Norfolk, Va. - You might be thinking that shopping in a grocery store for healthy food isn't a luxury most homeless people have. It’s something the thousands of homeless men and women in Hampton Roads probably cannot afford to do.
But Neal Shytles is not your typical homeless person.
“Healthy food is more expensive, a lot more expensive than regular food,” he says.
Neal weighs close to 500 pounds.
“I’m carrying around almost 300 pounds more than I’m supposed to be carrying,” he says.
And that 300 pounds is something he hopes to lose through getting gastric bypass surgery.
You’re probably wondering how a homeless person is able to get such an expensive operation...
Neal says he has high blood pressure, is borderline diabetic and suffers from sleep apnea. Those conditions, he says, qualified him for the surgery.
“Hopefully the surgery will help me get rid of those conditions,” he says.
Neal says he didn’t have insurance until he became homeless. An infection in his leg forced him to go to the emergency room last year, where he says the hospital signed him up for Medicaid.
In the last two decades, Neal says he packed on more than 150 pounds, brought on by poor eating, a sedentary lifestyle when he worked, and now homelessness.
“I just ballooned up,” Neal says.
In order to even get the operation, Neal says he has to lose up to 40 pounds.
He uses money from a monthly social security check to pay for his healthier new diet.
Neal believes this surgery is his key to getting off the streets and getting a job.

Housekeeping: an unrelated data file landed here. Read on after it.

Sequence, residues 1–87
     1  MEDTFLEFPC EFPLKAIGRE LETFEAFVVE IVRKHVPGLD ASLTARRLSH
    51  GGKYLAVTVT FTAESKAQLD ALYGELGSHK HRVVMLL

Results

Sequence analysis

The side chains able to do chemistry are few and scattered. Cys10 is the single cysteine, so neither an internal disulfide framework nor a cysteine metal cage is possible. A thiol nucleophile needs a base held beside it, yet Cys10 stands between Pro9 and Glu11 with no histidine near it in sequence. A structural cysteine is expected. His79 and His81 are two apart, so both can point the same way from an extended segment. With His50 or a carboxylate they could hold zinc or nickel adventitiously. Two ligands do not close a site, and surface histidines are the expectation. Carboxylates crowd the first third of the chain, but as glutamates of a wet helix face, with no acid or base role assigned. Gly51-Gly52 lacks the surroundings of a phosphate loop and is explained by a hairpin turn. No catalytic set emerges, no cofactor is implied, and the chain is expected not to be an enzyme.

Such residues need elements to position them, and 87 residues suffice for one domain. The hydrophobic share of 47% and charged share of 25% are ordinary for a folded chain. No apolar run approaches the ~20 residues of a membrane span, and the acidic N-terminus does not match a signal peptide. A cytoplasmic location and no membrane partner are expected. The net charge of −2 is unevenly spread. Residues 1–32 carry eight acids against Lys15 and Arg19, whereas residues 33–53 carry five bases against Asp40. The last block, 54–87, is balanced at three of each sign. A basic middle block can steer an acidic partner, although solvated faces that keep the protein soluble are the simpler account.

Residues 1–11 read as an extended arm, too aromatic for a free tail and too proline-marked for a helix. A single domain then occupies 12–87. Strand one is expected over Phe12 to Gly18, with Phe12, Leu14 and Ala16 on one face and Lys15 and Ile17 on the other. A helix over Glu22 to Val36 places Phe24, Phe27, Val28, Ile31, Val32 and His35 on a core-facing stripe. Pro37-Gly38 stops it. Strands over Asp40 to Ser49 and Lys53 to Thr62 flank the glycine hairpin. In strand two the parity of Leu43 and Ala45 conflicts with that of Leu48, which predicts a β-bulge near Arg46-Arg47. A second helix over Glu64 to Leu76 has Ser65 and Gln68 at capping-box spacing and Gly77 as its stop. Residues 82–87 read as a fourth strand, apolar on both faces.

We first told you about Neal back in November. He came to NewsChannel 3 to help find a family for the holidays.
“I am lonely like 365 days a year but Christmas and Thanksgiving are two of the worst days,’' he told us.
Neal’s plea went viral worldwide. Viewers took action, not just providing a Thanksgiving meal, but gifts from as far away as Germany and Britain. However, most importantly to Neal, his story has provided him new friendships.
“The story really has done a lot,” he says. “It’s built relationships.”
Now Neal is taking action to help himself. But doctors say it’s not going to be easy.
“It’s not the easy way out by any stretch of the imagination,” says Dr. David Spencer.
Dr. Spencer is not Neal’s doctor, but is a bariatric surgeon at Chesapeake Regional Medical Center.
“I think that it would be incredibly hard for someone in his situation,” he says.
Simple things like getting rides to appointments and paying for vitamins, Dr. Spencer says will be difficult.
However, Missy Mounie, who helps prepare patients for the operation, says she’s dealt with patients like Neal. She says this surgery changes lives.
“That’s what we see,” she says. “People become productive members of society.”
She says having a support system is crucial – something many homeless men don’t have.
But again, Neal is different.
“The people online, all these women are supporting me,” he says.
He documents his progress online, posting photos of his meals. It’s also inspired others to eat healthy too. He wonders, though, if that encouragement will be enough. If he doesn’t lose the weight, Neal says he won’t be approved for the surgery.
So, how is it fair a homeless man can get this surgery? Is it worth your taxpayer dollars?
Neal says it’s not a handout, it’s the help he needs.
“So I can get out there in the workplace and work a whole lot more,” he says.
He has until May to achieve his goal.
“It’s all for the better, it’s nothing for the worse. It’s to improve me.”